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POLITICS

Spain’s govt salvages key labour reform thanks to voting error

The Spanish government on Thursday managed to pass a long-awaited labour reform aimed at ending rampant job insecurity with a majority of just one, but it has emerged that a PP deputy accidentally voted for the legislation and in doing so tipped the balance in favour of the government.

Spanish Prime Minister Pedro Sánchez in the Spanish Parliament
Sánchez managed to push through the reform with support from the centrist-liberal Ciudadanos party and some other centre-right lawmakers. Photo: DANI DUCH / POOL / AFP)

Pedro Sánchez’s PSOE government managed to secure congressional support for long-awaited labour reform on Thursday that not only aims to undo the policy of the previous PP government but was demanded by Brussels in order to release European recovery funds.

Sanchez managed to push through the reform with support from the centrist-liberal Ciudadanos party and some other centre-right lawmakers, but the congressional arithmetic was incredibly tight and in the end the reforms were backed with a majority of just one vote — 175 in favour and 174 against in the 350-seat chamber.

Led by Podemos Labour Minister Yolanda Díaz, the reforms are an attempt to resolve the rampant insecurity in Spain’s labour market, which has the highest number of temporary contracts in Europe, and improves working conditions and creates training and apprenticeship schemes for young workers up to the age of 30. 

Although Díaz had successfully steered the bill through hard-fought negotiations between the government, business leaders and trade unions, it still needed parliamentary approval.

But getting the numbers in Congress proved difficult for the minority-coalition government – Sanchez’s Socialists and hard-left coalition partner Podemos – not getting support from key allies they have relied on in the past to force through legislation, notably Basque and Catalan independence parties, which voted against.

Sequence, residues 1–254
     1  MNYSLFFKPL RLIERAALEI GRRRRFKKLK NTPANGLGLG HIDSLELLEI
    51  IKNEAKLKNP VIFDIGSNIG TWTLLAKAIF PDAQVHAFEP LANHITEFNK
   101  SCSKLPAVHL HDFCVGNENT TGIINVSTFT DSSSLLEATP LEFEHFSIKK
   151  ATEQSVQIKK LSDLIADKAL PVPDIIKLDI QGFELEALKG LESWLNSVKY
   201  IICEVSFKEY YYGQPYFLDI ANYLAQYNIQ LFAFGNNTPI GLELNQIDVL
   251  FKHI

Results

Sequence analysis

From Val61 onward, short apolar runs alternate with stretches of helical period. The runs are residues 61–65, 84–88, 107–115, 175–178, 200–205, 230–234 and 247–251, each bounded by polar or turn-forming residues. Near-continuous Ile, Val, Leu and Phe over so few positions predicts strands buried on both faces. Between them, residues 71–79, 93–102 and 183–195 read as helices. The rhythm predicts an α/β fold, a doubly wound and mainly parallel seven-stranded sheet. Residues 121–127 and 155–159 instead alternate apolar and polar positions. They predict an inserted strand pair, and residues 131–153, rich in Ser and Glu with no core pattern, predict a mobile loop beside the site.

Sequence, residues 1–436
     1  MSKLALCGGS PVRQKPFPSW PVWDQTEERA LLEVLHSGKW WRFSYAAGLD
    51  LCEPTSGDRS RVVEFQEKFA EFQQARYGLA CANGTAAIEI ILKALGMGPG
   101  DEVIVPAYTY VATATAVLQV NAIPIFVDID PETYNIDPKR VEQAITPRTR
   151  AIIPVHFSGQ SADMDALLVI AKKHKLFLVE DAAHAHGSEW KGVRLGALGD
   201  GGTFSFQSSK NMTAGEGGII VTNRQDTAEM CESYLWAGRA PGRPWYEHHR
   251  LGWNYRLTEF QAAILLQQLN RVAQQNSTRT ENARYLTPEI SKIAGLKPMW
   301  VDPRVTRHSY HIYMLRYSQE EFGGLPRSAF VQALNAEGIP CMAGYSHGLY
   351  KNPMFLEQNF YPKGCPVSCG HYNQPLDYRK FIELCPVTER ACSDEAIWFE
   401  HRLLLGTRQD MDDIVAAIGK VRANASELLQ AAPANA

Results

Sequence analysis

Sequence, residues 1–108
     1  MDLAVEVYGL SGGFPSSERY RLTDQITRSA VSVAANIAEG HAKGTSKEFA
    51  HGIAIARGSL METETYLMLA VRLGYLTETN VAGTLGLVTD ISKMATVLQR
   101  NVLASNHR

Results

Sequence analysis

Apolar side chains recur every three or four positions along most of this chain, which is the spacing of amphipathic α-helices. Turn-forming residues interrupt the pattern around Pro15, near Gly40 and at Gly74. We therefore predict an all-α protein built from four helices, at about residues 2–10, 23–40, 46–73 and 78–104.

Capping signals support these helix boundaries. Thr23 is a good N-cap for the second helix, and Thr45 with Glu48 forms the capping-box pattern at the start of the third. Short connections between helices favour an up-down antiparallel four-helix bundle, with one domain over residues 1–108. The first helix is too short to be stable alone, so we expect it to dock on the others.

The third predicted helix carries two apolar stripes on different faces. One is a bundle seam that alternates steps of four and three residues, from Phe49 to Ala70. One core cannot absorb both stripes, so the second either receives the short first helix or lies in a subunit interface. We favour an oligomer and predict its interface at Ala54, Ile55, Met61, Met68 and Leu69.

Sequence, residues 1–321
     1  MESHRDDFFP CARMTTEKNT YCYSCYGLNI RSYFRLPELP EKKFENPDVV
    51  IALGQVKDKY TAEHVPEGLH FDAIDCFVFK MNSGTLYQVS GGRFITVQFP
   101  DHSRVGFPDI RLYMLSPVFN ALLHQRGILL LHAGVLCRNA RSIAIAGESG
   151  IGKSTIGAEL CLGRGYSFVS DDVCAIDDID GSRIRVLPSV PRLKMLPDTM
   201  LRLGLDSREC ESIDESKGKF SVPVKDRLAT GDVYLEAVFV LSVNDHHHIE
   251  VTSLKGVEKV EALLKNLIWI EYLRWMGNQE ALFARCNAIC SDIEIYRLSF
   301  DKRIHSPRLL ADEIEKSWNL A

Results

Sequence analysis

The right-wing opposition Popular Party and far-right Vox both voted against the reforms, however it has since emerged that the vote was, incredibly, tipped accidentally in the government’s favour by an unknowing PP deputy. 

The one vote majority was gifted to the government due to a “computer error” by the PP deputy and he  had in fact meant to vote against the reform. It was an “anomaly” and should be “rectified”, party spokesperson Cuca Gamarra insisted.

Although reforming the Rajoy government’s much-maligned 2012 labour bill was a campaign promise of Pedro Sanchez’s PSOE, it is impossible to ignore that the 140bn COVID-19 financial stimulus package promised by Brussels was conditional on tangible reform of the Spanish labour market.

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SPANISH POLITICS

Spain’s PP is hot on the heels of PSOE, but will they need Vox to govern?

With the next general election slated for December 2023, recent polling shows Spain's Conservatives gaining ground on the Socialists. Spanish political correspondent Conor Faulkner looks at whether the PP will need far-right Vox to govern, as they now do at a regional level.

Spain's PP is hot on the heels of PSOE, but will they need Vox to govern?

Recent polling from Spain’s CIS (Centre for Sociological Research) shows the incumbent PSOE-led government with a slight, but shrinking, advantage over opposition parties.

On 30.3 percent, Pedro Sánchez’s PSOE would form the government if elections were held today, but that score is unimproved since April and, crucially, the centre-right party Popular Party is gaining, polling at 28.7 percent in May, with the difference between the two now only 1.6 percent.

In fact, PP have been on a steady rise since a turbulent start to 2022 in which former leader Pablo Casado was forced to resign after becoming entangled in intra-party infighting with PP’s regional President in Madrid, Isabel Ayuso.

Casado was replaced by Galician Alberto Núñez Feijóo, considered to be a more traditional centre-right candidate in the mould of Rajoy, who served as President of Galicia between 2009-2022.

PROFILE: Feijóo, steady hand on the tiller for Spain’s opposition party